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Family Health

How Parents Can Help Kids During Needles and Painful Procedures

Oct 5, 2018

Experiencing quick pain from needles and other medical procedures is an important part of being healthy. Knowing that you are facing something painful, no matter how short-lived, often makes both adults and children scared and distressed.

We are learning that not managing children’s medical procedure-related pain can have consequences long after the pain from the procedure has gone away. Undermanaged childhood pain can lead to children growing up into adults that are scared of medical settings and the wonderful health professionals who are there to make us healthier. These fears from childhood can make people less likely to go see health professionals in the future which can seriously impact their healthcare. Moreover, we also know that the more scared a child is before a painful procedure, the more pain they may feel and will express after the painful procedure. 


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Over the years, my daughters have had to undergo painful medical procedures while being treated by physicians, dentists and nurses. One would assume that being a pediatric pain scientist and a clinical psychologist would prevent my children from experiencing needless pain in medical settings. Unfortunately, that has not always been the case. Witnessing my own children’s anxiety and pain responding first-hand has made me passionate to help empower all parents to prevent and manage pain using powerful psychological techniques that are easy to learn. 

Below you will find a set of techniques that our lab has researched and been shown to work with young children. The best part about the ABCDs of pain management is that it does not take any special training or equipment. It focuses on one of the most powerful tools for managing pain from procedures: YOU, the parent.

Our lab created a quick mnemonic (ABCD) that reminds parents that they themselves need to stay calm, they need to make their child feel safe despite the pain and, when the time is right, they should use distraction to help their child get back to how they were feeling before the painful procedure.

A: Assess your own anxiety. Parents’ distress leads to kids’ distress. It is important to convey to your child that you are calm and focused on supporting them.

B: Belly breathing. Having a parent take a few deep breaths is great way to regulate their heart rate, reduce their stress and focus on their child in the moment. It also models an important technique for your toddler and preschooler that they can use when they are older.

C: Calm Close Cuddle. Pain is a trigger for children to feel insecure and fearful. The best thing parents of young children can do is to bring their child close so that they can feel safe through being close to you and even hearing your calm heart rate and breathing. If your child isn’t a snuggler, then find a way to be close to your child without smothering them, like holding their hand.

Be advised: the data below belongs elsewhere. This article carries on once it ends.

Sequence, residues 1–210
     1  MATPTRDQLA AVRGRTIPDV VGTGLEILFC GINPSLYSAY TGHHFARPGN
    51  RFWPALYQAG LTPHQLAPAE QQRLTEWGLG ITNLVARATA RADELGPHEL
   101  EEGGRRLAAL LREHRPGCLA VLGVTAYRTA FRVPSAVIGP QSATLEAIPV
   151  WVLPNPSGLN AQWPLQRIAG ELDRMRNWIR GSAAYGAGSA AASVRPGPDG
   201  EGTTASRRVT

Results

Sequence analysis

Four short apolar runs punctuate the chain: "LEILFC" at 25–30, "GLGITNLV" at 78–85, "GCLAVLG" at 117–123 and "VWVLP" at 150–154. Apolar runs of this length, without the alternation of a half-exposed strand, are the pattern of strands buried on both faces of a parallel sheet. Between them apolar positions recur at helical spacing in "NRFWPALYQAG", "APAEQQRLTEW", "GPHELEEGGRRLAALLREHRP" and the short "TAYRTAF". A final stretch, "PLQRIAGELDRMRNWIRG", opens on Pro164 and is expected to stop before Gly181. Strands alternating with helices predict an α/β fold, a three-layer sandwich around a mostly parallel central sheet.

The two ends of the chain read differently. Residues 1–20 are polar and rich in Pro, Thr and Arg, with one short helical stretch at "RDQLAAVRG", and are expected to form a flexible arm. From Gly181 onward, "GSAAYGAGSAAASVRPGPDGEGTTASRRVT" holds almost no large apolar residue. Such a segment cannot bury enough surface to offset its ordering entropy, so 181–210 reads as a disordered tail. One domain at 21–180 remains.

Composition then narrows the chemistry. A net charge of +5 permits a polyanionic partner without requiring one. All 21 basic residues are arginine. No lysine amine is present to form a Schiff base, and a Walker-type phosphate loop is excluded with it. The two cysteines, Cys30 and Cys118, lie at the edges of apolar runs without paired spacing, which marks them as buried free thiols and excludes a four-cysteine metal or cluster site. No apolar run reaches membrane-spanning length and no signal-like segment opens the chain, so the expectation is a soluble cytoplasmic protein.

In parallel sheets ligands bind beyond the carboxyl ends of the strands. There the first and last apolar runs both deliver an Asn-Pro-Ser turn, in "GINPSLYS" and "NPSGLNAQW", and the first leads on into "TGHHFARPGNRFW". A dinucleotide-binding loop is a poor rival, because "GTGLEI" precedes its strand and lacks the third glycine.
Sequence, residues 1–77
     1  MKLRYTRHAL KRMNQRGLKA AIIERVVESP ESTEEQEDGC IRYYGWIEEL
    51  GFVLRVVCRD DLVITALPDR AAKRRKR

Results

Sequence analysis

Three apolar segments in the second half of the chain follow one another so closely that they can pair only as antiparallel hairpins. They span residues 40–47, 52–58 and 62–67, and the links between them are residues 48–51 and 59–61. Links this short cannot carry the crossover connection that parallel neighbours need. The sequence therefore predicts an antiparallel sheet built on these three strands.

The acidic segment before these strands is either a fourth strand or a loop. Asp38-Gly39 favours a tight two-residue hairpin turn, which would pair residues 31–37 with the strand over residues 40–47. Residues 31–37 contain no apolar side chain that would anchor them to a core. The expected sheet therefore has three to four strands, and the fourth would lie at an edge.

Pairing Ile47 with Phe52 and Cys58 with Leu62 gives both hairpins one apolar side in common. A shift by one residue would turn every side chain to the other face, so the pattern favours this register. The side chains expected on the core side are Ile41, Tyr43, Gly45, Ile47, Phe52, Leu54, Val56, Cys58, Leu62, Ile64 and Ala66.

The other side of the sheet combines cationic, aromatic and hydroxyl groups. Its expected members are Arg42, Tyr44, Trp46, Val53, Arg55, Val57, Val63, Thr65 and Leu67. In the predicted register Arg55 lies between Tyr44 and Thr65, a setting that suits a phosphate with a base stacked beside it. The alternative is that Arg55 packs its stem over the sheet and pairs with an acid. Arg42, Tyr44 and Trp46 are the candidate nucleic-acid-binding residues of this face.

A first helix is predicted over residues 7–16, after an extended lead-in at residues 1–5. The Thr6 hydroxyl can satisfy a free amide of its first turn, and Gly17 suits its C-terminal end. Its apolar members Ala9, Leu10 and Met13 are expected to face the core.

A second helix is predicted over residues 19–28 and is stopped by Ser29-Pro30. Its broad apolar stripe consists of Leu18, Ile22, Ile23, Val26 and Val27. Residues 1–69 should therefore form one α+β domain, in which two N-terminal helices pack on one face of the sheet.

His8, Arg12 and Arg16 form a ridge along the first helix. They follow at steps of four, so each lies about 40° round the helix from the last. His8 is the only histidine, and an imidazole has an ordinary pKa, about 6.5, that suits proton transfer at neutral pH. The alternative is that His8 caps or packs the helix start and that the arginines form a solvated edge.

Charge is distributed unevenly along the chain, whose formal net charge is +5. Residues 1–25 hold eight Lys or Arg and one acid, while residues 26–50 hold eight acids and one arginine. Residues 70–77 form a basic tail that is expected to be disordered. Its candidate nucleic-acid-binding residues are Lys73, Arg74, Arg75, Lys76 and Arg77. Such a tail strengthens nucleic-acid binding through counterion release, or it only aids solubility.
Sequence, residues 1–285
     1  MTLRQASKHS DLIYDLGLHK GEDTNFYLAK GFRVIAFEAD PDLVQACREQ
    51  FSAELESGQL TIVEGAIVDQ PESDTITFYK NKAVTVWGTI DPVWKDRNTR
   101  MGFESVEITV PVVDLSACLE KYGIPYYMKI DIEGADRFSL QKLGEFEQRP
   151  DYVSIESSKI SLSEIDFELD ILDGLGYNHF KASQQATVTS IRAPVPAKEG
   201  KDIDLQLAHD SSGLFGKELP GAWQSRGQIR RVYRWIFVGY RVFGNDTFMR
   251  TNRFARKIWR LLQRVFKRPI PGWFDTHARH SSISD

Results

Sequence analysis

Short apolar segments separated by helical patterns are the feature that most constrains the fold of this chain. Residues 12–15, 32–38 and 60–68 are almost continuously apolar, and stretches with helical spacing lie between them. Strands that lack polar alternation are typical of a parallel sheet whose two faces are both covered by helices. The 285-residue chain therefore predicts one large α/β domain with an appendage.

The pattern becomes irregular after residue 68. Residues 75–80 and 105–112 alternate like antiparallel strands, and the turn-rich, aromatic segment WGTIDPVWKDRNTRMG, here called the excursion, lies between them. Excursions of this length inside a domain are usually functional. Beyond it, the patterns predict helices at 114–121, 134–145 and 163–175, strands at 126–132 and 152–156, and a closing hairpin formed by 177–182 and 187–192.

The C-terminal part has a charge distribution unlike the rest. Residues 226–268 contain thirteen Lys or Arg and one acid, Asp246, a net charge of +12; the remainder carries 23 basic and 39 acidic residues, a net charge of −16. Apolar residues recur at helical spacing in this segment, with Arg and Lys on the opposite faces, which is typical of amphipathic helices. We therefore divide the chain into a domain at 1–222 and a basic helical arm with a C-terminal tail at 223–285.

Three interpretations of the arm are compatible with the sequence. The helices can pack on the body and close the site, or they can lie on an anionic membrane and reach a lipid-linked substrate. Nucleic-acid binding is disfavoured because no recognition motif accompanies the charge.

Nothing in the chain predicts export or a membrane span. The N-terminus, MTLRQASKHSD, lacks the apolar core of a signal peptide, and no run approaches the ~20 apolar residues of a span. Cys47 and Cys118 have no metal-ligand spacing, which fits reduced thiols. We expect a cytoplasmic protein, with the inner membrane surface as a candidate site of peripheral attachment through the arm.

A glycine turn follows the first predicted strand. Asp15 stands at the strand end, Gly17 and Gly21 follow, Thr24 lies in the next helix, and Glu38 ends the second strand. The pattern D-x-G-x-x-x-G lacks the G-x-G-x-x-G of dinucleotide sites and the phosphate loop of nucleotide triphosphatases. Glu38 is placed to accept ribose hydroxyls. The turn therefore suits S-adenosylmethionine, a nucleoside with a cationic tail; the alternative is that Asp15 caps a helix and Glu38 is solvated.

D: Distraction. This is a tricky one. While most parents know how to distract a child with car keys, a song, bubbles, funny faces or a story book, when the child is in pain timing is key. You need to wait until your child has passed the peak distress — around 30 seconds after the painful procedure has ended. If you do it too early, this may make your child even more distressed. If you try it and they get distressed, no problem! Simply go back to the cuddling. 


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These strategies represent a small (but mighty!) sampling of the strategies parents can use to reduce pain from procedures for their children. If you want to watch some short videos by parents or experts about how to manage pain, I would recommend going to these amazing ‘Made in Canada’ websites led by scientists who work with parents and professionals to get the right evidence into the right hands: Helping Eliminate Pain in Kids and Adults and It Doesn’t Have to Hurt. In addition, The Psychology Foundation of Canada’s Kids Have Stress Too! program and resources (psychologyfoundation.org) can provide further suggestions and strategies to deal with other stressful situations in addition to pain.

Article Author Dr. Rebecca Pillai Riddell
Dr. Rebecca Pillai Riddell

Dr. Pillai Riddell has been a registered Clinical and Health Psychologist, College of Psychologists of Ontario (registered to treat children, adolescents, and adults) since 2004. She is an Associate Vice-President, Research at York University, alongside being a Full Professor and Director of the Opportunities to Understand Childhood Hurt Laboratory (OUCH Lab). Dr. Pillai Riddell is also on the Board of Trustees for the Psychology Foundation of Canada and the Steering Committee for the national Infant (and Early Childhood) Mental Health Promotion Programs at Sick Kids Hospital. She has been studying the development of young children’s responses to painful procedures for over 20 years, with a specific focus on parent factors. Her research has been supported by all four major federal research funding councils (Canadian Institutes of Health Research, Natural Sciences and Engineering Research Council, Social Sciences and Humanities Research Council and Canada Foundation for Innovation). She raises/wrangles two highly spirited young girls with her husband in Toronto. Follow The Psychology Foundation on Twitter, Instagram and Facebook and visit their website at psychologyfoundation.org.

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